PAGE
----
Science Breakfast: Why Does Soft Matter Matter?

Hosted by Mars, Incorporated


Abstract

Soft matter is everywhere, from the tissues in our bodies to the colloids we have for breakfast. But how could a physicist care more about mayonnaise than the cosmic microwave background?

In this Science Breakfast hosted by Mars, Incorporated, Professor Steven Chu (1997 Nobel laureate in physics), Dr. Antonio Redondo (Senior Scientist at Los Alamos National Laboratory in the USA), and a selected young scientist will discuss the importance of soft matter and its unique behaviors.

Soft matter is a term that was made popular by a team of scientists around Pierre-Gilles de Gennes, the father of the field who was awarded the Nobel Prize in physics in 1991. It refers to a wide variety of materials that are easily deformed by thermal fluctuations and external forces, including liquids, colloids, polymers, foams, gels, granular materials and liquid crystals.

The properties of soft matter have been crucial to the development of new technologies that have changed the way we live. The study of liquid crystals in the 1960s made possible the development of liquid crystal displays that we now use in practically all phone, computer and television screens.

The panelists will explore the latest discoveries in soft matter, what innovations we can expect in future and how physicists can contribute to the understanding and development of many industrial processes. This could be a better understanding of the human body, it could be the development of more advanced, more sustainable materials that lower our society’s energy consumption.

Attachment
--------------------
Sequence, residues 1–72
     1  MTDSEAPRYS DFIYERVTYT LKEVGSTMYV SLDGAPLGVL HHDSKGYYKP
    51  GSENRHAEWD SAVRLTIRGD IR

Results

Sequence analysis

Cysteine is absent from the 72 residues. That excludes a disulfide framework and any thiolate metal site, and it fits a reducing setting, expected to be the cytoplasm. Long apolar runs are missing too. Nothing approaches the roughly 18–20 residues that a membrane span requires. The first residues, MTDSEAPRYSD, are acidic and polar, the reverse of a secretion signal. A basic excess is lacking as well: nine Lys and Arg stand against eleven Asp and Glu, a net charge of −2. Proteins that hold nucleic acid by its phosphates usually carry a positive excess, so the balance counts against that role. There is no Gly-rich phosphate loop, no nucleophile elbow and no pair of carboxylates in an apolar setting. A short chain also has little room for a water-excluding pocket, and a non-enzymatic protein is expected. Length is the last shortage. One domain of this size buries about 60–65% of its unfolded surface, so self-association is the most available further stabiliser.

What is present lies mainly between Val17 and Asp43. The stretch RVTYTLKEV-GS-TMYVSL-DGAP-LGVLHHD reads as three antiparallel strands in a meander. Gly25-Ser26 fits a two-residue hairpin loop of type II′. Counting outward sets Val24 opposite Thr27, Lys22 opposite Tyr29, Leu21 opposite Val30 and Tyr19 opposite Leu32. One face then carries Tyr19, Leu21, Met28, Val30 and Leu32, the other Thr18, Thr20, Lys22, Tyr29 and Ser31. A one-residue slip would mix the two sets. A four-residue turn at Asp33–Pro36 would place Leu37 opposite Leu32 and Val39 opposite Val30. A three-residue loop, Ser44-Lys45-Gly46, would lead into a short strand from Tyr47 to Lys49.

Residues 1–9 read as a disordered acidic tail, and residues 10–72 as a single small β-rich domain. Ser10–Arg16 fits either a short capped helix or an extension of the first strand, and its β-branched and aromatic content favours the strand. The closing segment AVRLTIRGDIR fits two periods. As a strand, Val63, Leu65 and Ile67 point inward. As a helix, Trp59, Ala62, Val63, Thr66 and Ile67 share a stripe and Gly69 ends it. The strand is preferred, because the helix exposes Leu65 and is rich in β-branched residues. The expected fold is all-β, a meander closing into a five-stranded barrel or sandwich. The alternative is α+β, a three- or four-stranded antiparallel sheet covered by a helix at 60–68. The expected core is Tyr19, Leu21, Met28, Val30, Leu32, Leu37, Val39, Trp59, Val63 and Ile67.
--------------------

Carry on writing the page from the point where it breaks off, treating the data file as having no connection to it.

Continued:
07:00–07:30 Breakfast
07:30–08:40 Discussion

Professor Chu is the William R. Kenan, Jr. Professor of Humanities & Sciences and Professor of Molecular and Cellular Physiology at Stanford University. His laboratory aims to develop nano-probes that will allow following the dynamics of molecules in live cells and organisms indefinitely with few-nanometer spatial resolution. He was awarded the Nobel Prize in Physics in 1997 for his research at Bell Laboratories developing methods to cool and trap atoms with laser light. From 2009 to 2013, he served as the 12th United States Secretary of Energy and was a champion of renewable energies and new business models. Before his appointment by President Obama, Professor Chu was Director of the Lawrence Berkeley National Laboratory and Professor of Physics and Professor of Molecular and Cell Biology at the University of California, Berkeley.

Dr. Redondo is a Senior Scientist in the Theory, Simulation and Computation Directorate at Los Alamos National Laboratory. Dr. Redondo joined Los Alamos National Laboratory in 1983 and subsequently led a team of scientists in designing a catalytic converter for a new generation of green automobiles. In 1997, Dr. Redondo was awarded a Medal for Technical Accomplishment from Vice-President Al Gore for his contributions to this project. Following his work in catalysis Dr. Redondo began work on theoretical biology problems. In 2005 he became Group Leader of the Theoretical Biology and Biophysics group and became Division Leader of the Theoretical Division in 2006. Dr. Redondo returned to full-time research in 2015 and his current interests lie in the development of models and simulation for soft matter.


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